Joseph Pilates observed the easy movement and posture of children, remarking that this freedom was something we lost as adults. Watching my young daughter roll a stone in and out of a hole in the pavement, again and again (and again) and with complete absorption, I think we can also lose their ability to focus on the present moment.

There is a self-test of trying to empty your mind of thoughts for one minute – but which is usually seconds in my case. Have a go if you’ve never tried it – how long can you last? Do thoughts and outside pressures crowd in easily? There are estimates that we each have at least 12,000 thoughts everyday (some people up to 60,000) and apparently of these thoughts around 98% are the same as the previous day. Maybe it’s time to cross off some things from that ever revolving “To do”list!

How often do you exercise without being mindful of your movement? Perhaps having sat all day, before fitting in an hour of high impact exercise – moving your body but with your mind engaged on outside thoughts and plans, until perhaps you have an injury? Then you can think of nothing but how to move.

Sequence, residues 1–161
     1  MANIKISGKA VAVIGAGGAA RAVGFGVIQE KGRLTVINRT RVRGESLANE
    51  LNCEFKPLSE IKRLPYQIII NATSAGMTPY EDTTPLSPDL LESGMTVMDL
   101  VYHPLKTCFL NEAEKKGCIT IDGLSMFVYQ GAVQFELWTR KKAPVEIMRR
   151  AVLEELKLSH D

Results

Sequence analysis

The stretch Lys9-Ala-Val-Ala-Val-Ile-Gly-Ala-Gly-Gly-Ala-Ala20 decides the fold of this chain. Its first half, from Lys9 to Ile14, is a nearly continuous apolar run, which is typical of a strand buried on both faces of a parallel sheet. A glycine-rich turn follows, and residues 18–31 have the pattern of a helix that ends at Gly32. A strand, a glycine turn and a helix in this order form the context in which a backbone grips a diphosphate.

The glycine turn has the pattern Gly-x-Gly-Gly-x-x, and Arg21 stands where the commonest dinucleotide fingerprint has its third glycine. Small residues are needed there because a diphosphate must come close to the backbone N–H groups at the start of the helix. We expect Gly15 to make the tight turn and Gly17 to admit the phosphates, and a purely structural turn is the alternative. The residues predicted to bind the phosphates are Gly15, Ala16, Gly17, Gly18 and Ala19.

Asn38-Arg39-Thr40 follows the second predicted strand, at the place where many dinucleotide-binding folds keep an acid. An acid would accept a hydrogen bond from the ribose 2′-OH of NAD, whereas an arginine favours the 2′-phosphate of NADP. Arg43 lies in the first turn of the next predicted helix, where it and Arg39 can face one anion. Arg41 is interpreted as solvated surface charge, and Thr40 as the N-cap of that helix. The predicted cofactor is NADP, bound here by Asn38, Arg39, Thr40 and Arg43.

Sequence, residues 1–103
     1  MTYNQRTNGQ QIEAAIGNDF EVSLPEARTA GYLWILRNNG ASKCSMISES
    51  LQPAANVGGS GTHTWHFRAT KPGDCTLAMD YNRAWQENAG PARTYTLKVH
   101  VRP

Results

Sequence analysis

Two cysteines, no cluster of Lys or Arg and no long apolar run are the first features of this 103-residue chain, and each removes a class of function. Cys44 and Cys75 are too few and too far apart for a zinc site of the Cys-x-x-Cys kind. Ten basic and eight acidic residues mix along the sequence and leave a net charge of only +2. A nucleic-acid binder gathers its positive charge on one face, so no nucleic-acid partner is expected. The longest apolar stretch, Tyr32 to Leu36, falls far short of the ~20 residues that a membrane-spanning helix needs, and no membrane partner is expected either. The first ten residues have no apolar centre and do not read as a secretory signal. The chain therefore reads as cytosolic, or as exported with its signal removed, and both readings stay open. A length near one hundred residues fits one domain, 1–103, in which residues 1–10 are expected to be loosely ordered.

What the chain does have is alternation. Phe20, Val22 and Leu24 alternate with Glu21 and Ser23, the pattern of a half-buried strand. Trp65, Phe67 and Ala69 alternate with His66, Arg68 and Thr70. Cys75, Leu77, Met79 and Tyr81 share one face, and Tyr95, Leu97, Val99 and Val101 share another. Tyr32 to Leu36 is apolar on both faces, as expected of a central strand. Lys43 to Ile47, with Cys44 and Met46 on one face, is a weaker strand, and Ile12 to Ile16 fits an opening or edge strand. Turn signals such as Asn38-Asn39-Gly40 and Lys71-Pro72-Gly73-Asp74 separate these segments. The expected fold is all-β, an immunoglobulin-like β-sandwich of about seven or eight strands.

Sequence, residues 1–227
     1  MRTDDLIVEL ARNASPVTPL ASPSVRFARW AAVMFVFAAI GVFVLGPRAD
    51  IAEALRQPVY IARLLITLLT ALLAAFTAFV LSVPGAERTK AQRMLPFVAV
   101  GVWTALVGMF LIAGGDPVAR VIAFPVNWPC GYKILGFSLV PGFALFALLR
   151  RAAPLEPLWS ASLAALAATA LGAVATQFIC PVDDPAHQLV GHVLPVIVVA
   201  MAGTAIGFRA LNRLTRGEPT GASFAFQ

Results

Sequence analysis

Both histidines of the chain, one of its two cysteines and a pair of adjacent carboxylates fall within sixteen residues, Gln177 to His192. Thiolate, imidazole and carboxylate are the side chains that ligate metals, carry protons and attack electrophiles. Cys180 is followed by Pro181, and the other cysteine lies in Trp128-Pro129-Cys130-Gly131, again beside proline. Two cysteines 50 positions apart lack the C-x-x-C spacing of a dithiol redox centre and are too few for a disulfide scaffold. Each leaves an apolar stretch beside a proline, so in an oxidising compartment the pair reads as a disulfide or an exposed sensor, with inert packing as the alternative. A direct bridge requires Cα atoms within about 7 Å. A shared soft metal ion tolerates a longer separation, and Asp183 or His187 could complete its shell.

That is what is so important about the Pilates principle of focus. If you’re concentrating on your breathing pattern, moving in a certain way, engaging muscle ‘X’ whilst releasing ‘Y,’ there is no room for outside thoughts to creep in. It is possible to sustain this level of concentration for an entire class – an hour of complete you time. Often clients comment on how quickly a Pilates class has gone, or how relaxed they feel at the end, partly because they have been in the here and now without distraction.

Being in the present moment is important, as wise men say; the present moment is all we have. So learn from the very young and focus on the moment at hand.

 

 

 

 

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